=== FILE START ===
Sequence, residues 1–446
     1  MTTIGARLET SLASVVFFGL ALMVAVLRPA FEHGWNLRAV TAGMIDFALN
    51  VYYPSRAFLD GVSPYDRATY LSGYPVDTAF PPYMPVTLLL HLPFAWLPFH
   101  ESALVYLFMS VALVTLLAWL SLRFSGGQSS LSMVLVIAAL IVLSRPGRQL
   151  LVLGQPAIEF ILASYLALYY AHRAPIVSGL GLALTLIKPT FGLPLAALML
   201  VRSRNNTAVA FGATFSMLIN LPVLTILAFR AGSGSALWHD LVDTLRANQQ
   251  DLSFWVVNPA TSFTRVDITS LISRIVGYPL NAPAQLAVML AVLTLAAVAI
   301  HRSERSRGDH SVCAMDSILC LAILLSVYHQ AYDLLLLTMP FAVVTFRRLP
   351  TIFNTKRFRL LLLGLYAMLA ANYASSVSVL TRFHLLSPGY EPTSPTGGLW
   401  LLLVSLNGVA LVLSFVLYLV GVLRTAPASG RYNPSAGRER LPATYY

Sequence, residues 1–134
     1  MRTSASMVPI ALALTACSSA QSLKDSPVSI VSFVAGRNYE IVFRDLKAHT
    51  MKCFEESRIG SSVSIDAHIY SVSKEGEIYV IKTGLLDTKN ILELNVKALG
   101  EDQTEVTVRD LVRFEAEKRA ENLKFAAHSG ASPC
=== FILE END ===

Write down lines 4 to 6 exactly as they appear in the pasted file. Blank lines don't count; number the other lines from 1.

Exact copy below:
   101  ESALVYLFMS VALVTLLAWL SLRFSGGQSS LSMVLVIAAL IVLSRPGRQL
   151  LVLGQPAIEF ILASYLALYY AHRAPIVSGL GLALTLIKPT FGLPLAALML
   201  VRSRNNTAVA FGATFSMLIN LPVLTILAFR AGSGSALWHD LVDTLRANQQ